Shariah Compliance Disclosure In Islamic Financial Institutions
: Its Determinants And Effects On Performance

  • Zunaiba Abdulrahman

Student thesis: Doctoral Thesis


Studies on Shariah compliance disclosure and ethical performance are scarce despite significant research among Islamic banks. This thesis addresses these issues by exploring the Shariah Compliance Disclosure practices (hereafter referred to as SCD) of 89 Islamic Financial Institutions (hereafter referred to as IFIs) that provide English version annual reports operating in nineteen countries for the period 2010 - 2020 (i.e., 807 bank-year observations). The purpose of this thesis is three-fold. First, the present thesis measures the level of SCD; second, it analyses the effect of corporate governance (hereafter referred to as CG) mechanisms on SCD. Finally, it assesses the combined impact of the SCD and CG mechanisms on IFIs' performance.

Given the scarcity of empirical research on SCD, this study advances the growing literature by presenting novel evidence on the levels and range of SCD, its determinants, and their impact on performance. The analysis and findings are explained through the lenses of multiple theories (agency stakeholder, signalling, legitimacy, and resource dependency). SCD is measured using manual content analysis categorized into Shariah Supervisory Board (SSB) information, audit process, Shariah compliance review, and Zakat. CG mechanisms include board, Shariah supervisory board, and ownership structure, and performance is measured using return on average assets (ROAA), return on average equity (ROAE), Zakat on equity (ZOE), and deposits to total assets (DTA). The study used the Panel-Corrected Standard Error (PCSE) model to analyse the determinants of SCD and their combined effect on performance.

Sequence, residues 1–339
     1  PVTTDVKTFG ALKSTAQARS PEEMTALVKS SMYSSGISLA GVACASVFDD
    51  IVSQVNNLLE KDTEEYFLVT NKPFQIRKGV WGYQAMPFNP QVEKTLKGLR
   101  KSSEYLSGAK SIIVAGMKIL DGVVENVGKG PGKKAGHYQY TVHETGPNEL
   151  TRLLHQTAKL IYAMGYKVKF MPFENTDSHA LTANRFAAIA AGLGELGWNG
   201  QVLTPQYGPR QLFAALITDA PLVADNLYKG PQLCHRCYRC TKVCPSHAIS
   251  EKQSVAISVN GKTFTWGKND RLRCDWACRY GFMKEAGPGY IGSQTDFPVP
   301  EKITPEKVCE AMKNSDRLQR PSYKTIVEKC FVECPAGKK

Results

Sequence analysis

Several outcomes are documented. Firstly, using an unweighted disclosure index, the analysis showed the SCD level is above average (57.38%) in the sample of IFIs and improved considerably over the period 2010 to 2020. Though in any given year, some variation existed, generally, results evidence overall growth. Analysis of the four themes (SSB, audit process, Shariah compliance review and Zakat) of SCD and individual items also reveal interesting patterns. Secondly, regarding the second objective the results indicate that foreign investors, institutional investors, board size, board independence, SSB reputation, and SSB size are vital and influence the extent of SCD level. However, block holder ownership and SSB expertise are insignificantly negatively related to SCD. The study also conducted several tests to examine the main findings' robustness. The outcomes of these extra tests present evidence of the main results' robustness.

Finally, concerning the third objective, the findings reveal SCD is significant and negatively linked with ROAA but positively related to ZOE. There is no significant relation between SCD and ROAE and DTA. Similarly, and regarding CG mechanisms, the outcomes are mixed. For example, a larger board size revealed a significant positive effect on performance. In contrast, other CG mechanisms
are positive or negatively insignificant to performance. The findings also show that SCD enjoys a complementary effect on performance (ROAA) with two CG mechanisms (board independence and SSB expertise).

The thesis has numerous research and policy implications. It unlocks research paths investigating disclosure relationships, particularly research areas without convincing conclusions, such as the effect of disclosure on performance. The research will also provide in-depth empirical feedback to regulatory bodies on the current Shariah compliance disclosure practices of IFIs to assist policymakers in modifying reporting frameworks or guidelines accordingly. Additionally, this research can support academics, non-academics, policymakers or standard setters, and managers interested in seeking information about Shariah compliance disclosure, corporate governance, or the performance of IFIs.
Date of Award7 Jun 2023
Original languageEnglish
SupervisorTahera Ebrahimi (Main Supervisor) & Messaoud Mehafdi (Co-Supervisor)

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